The differences between schools in affluent neighborhoods and those in areas of poverty are striking and obvious. The challenges for those leaders seem different and somewhat clear. The tax-base of the two communities provide for a difference in the educational environment. Parental involvement, socio economic status and expectations differ widely. The leaders and the teachers may be equally committed to hard work providing the best experience for the students, but the buildings and the supplies and educational programs often are very different.
The students arrive with a different set of learning and social emotional needs. The job facing the leaders of schools who have a diverse population of students, including affluence and poverty is not only gap closing, but raising the expectations for achievement for all - and 'all' means working with students with vast differences in readiness and readiness to learn. Whether a suburban school in an affluent neighborhood, or an inner city school in a poverty area, or a school inclusive of both...what if we looked at equity through a curriculum lens? Literacy is the common denominator.
Equal Access to a Good Public Education Can Begin With Your Approach to Literacy
With all the big ideas about leading a changing school environment, making sure the ELA classrooms are using the current methods of understanding vocabulary and language acquisition is a good place to begin . E.D. Hirsch, Jr. writes in his article, A Wealth of Words, "...there's a positive correlation between a student's vocabulary size in grade 12, the likelihood that she will graduate from college, and her future level of income. The reason is clear: vocabulary size is a convenient proxy for a whole range of educational attainments and abilities--not just skill in reading, writing, listening, and speaking but also general knowledge of science, history, and the arts. If we want to reduce economic inequality in America, a good place to start is the language-arts classroom."
In her article about language and literacy, Marilyn Jaeger-Adams states, "The literacy level of our secondary students is languishing because the kids are not reading what they need to be reading. This is a strong claim." She reports that the language used in our current twelfth-grade English texts is simpler than the language used in seventh-grade texts published before 1963. There is a vast difference between the vocabulary of oral and written language. Reporting on the phenomenon of written language as compared to oral language, she reported on a study by Hayes and Aherns, in which they compared spoken language with texts. "For this study, they focused on trade publications rather than school materials, and the texts they used included preschool books, children's books, comic books, adult books, magazines, newspapers, and abstracts from scientific magazines. For comparison, they compiled and analyzed a variety of oral language samples, including language from prime-time adult television shows, children's television shows, mothers' speech to children ranging in age from infancy to adolescence, conversations among college-educated adults (including from the Oval Office), and adults providing expert witness testimony for legal cases. Regardless of the source or situation and without exception, the richness and complexity of the words used in the oral language samples paled in comparison with the written texts. Indeed, of all the oral language samples evaluated, the only one that exceeded even preschool books in lexical range was expert witness testimony."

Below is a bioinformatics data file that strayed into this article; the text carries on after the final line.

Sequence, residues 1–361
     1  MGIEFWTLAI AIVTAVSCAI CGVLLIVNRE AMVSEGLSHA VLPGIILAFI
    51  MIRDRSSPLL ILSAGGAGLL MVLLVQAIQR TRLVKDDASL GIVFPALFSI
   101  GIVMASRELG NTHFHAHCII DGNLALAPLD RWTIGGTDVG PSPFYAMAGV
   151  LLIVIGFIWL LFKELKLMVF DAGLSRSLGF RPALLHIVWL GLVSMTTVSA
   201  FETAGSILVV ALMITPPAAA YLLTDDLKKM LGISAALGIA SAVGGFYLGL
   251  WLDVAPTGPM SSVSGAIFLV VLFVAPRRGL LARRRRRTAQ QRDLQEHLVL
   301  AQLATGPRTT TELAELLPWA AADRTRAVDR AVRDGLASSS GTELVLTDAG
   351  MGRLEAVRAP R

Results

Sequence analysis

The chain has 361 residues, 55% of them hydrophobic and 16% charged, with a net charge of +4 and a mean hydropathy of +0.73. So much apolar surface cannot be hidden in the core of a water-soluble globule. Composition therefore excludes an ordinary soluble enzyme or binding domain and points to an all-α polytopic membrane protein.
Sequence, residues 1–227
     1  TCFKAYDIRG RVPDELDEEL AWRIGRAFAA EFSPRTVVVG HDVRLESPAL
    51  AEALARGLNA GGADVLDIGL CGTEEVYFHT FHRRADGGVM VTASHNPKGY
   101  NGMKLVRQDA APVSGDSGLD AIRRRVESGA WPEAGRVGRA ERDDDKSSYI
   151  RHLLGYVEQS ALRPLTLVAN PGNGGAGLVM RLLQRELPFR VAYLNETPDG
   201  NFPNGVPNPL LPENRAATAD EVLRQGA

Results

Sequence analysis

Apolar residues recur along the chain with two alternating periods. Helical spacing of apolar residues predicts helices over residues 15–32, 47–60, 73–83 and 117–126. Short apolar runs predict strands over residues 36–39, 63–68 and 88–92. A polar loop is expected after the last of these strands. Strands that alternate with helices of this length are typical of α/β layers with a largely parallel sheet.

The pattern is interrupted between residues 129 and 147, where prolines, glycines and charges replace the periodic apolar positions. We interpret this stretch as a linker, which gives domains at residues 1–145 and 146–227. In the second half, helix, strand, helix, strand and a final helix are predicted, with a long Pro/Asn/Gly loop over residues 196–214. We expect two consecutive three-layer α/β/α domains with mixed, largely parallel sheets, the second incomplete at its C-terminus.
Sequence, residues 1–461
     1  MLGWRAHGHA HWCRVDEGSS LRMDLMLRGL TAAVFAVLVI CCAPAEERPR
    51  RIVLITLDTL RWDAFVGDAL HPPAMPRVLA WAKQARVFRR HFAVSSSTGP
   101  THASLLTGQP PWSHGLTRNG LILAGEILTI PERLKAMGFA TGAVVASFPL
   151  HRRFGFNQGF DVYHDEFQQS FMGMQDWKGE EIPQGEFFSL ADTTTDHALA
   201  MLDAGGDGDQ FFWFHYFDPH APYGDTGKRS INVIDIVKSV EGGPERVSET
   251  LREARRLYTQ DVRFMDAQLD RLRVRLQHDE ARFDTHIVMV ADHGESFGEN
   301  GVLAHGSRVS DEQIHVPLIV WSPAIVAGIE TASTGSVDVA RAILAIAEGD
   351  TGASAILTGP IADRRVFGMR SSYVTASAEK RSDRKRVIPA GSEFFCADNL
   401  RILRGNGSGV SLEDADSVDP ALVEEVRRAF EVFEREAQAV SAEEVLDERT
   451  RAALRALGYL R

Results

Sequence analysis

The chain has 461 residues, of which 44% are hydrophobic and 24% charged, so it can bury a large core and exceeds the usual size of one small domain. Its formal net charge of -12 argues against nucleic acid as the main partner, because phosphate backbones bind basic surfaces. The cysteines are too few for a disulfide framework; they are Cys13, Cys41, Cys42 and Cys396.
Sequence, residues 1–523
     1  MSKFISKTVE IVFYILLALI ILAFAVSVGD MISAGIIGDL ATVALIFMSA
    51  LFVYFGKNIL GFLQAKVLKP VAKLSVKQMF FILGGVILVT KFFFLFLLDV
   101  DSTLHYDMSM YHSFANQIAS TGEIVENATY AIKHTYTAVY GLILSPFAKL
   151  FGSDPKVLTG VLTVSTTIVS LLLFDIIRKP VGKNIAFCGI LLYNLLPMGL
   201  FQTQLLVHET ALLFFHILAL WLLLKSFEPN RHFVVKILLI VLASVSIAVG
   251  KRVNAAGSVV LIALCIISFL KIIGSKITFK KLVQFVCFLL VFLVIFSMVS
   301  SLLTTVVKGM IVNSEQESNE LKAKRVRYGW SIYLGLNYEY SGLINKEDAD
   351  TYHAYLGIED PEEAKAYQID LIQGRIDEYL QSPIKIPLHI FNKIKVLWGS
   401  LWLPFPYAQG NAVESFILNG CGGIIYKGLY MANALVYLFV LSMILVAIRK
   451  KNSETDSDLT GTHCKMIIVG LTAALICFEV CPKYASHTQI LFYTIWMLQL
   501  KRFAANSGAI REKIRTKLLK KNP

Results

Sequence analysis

Jaeger-Adams reports this finding is compounded by the fact that traditional vocabulary instruction of 10-20 words per week will not prepare our graduates to be literate and because prior domain knowledge is a strong predictor of ability to comprehend from advanced texts, students should be reading much more material than they are. She explains that ordering the reading our teachers require of our students (in every subject) must be done so each text teaches the language and knowledge needed in order meet the challenge of the next.
As leaders we must pay attention. The leadership of equity by advancing literacy seems like a sensible place to begin. It is also a platform on which few will disagree. It can be extended throughout the district and include all subject areas. Here is a place where all students are in the same boat. All students are not being offered the learning opportunities to develop the academic vocabulary that is necessary for them to be competitive, literate graduates who are truly college and career ready. We can see this when we look at college remediation programs - which we will do next week in this blog.
Jaeger-Adams, Marilyn, (Winter 2010-2011). "Advancing Our Students' Language and Literacy" American Educator, (3-12).
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